“All those markets have experienced significant rent growth that has outpaced wage growth in the last seven or eight years,” Rosenthal said. “The need is, simply put, widespread.”
Phoenix only raises rents on apartments after they are vacated and modestly renovated. Purchasing Class B property is much less expensive and more predictable than new construction, Rosenthal added. His company typically buys buildings at below replacement cost, which allows it to charge lower rents.
Working both coasts
Irvine, Calif.-based Avanath Capital Management purchases Class C buildings in expensive markets “with the goal of making them nice B-minuses,” said CEO Daryl Carter, a past chairman of NMHC. The buildings might have high vacancy rates or be in neighborhoods that institutional investors usually avoid.
When Avanath launched its first fund in 2009, those investment vehicles shied away because they wanted higher returns. Now the company has investments from two public pension funds whose beneficiaries—teachers and police officers—cannot afford housing in their communities.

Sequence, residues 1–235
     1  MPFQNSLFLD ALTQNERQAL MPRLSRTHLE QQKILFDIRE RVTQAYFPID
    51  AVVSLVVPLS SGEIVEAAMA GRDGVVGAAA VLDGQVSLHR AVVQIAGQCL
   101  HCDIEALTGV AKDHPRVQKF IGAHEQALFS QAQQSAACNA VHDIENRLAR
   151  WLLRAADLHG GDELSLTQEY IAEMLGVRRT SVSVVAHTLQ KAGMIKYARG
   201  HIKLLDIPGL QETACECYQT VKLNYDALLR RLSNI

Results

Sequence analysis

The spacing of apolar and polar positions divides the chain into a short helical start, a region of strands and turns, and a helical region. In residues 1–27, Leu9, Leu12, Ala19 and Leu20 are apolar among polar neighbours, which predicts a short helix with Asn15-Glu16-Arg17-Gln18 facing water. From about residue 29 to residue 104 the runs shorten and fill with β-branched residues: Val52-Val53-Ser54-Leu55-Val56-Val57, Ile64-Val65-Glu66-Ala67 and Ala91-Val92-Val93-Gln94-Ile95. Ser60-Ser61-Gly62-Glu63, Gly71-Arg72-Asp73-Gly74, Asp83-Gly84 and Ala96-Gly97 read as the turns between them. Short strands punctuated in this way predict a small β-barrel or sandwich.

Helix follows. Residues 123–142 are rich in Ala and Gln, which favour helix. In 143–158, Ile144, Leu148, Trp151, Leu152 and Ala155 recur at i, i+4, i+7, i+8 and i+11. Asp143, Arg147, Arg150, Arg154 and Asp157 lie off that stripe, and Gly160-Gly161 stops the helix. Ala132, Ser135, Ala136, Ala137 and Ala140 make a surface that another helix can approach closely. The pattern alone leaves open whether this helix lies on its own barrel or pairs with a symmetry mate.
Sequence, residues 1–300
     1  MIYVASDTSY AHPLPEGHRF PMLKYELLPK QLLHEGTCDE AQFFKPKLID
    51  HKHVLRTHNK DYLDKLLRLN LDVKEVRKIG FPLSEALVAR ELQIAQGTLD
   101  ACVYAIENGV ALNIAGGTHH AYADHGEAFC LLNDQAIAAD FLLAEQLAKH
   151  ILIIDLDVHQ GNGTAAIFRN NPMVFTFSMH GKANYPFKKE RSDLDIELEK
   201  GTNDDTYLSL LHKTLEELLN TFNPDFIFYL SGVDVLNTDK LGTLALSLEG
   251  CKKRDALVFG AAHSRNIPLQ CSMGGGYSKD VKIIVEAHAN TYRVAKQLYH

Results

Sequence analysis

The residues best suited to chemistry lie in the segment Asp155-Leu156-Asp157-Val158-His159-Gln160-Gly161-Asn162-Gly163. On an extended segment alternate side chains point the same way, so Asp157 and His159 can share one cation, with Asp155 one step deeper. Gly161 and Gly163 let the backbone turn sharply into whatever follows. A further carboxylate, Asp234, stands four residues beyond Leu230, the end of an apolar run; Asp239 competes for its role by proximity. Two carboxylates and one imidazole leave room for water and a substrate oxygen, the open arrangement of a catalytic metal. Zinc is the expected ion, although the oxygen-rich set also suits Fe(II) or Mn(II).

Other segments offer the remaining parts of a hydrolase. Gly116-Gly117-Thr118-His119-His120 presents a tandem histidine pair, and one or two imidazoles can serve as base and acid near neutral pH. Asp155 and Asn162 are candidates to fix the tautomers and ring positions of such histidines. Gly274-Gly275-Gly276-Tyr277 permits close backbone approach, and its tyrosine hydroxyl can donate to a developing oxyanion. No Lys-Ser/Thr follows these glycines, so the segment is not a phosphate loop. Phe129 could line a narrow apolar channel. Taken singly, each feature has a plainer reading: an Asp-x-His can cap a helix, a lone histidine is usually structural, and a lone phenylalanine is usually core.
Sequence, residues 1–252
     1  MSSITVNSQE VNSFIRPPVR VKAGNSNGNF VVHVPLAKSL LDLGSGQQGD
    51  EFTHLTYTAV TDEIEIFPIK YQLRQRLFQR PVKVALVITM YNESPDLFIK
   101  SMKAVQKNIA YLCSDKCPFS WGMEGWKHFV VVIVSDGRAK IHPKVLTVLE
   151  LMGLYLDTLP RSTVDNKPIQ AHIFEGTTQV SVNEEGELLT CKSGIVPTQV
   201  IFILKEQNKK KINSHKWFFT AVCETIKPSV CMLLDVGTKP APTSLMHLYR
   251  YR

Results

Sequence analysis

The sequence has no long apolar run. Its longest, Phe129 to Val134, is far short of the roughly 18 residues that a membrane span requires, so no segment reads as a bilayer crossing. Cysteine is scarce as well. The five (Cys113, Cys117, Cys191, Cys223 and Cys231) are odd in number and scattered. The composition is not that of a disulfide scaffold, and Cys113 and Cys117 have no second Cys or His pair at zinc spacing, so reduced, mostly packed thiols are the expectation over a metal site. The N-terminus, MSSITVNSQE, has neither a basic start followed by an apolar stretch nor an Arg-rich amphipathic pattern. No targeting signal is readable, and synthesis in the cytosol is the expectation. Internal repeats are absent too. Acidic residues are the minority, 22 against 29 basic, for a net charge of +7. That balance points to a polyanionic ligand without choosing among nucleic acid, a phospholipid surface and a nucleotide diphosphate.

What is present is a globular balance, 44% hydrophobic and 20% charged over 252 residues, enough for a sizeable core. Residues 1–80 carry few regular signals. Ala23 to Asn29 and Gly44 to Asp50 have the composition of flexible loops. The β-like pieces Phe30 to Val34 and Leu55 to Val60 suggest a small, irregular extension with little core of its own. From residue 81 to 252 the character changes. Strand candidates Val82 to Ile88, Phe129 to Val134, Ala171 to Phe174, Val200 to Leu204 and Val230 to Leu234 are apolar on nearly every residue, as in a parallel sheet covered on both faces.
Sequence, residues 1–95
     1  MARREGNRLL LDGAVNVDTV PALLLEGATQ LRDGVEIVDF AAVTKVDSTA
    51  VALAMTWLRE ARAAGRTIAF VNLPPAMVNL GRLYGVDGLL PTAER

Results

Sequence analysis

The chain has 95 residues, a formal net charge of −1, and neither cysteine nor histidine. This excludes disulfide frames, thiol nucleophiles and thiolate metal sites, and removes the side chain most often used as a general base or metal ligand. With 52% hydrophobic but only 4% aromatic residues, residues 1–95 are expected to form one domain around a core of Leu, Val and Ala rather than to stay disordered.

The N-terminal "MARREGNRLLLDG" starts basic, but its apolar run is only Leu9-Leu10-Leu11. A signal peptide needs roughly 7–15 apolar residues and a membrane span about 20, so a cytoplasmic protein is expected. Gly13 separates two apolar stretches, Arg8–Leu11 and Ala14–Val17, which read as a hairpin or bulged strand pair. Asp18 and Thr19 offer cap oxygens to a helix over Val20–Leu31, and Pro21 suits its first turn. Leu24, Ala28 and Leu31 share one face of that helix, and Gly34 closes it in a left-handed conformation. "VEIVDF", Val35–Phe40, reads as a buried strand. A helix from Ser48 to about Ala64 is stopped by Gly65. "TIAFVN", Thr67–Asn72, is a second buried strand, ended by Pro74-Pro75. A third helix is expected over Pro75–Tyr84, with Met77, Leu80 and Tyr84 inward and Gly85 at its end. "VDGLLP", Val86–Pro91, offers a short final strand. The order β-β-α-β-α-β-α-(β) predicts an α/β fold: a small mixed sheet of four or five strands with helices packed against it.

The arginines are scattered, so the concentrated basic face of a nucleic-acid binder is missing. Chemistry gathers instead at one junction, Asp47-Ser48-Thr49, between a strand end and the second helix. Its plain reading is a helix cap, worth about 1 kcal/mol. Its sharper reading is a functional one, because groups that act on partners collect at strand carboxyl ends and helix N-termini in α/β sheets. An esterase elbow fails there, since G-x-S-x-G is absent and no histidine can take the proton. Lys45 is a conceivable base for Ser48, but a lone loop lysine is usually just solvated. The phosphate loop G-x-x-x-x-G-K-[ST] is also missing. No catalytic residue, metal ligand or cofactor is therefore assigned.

“More capital has flowed into the sector,” Carter said. “The perception is there’s greater acceptability in older properties because of the affordability challenges, which are acute today.”
Avanath has focused on cities with strong job growth and lagging wages, such as New York City and Washington, D.C. Smaller markets such as Sacramento and Orlando have also proven attractive, the latter even more so lately, given the influx of Puerto Rico residents fleeing the hurricane-ravaged island.
The public-private recipe
Some private developers who have run out of Class B or C properties to convert along the coasts have set up shop in the Twin Cities over the last few years, making the need to preserve this so-called naturally occurring affordable housing (NOAH) even more urgent, according to Alan Arthur, CEO of Minneapolis-based developer Aeon.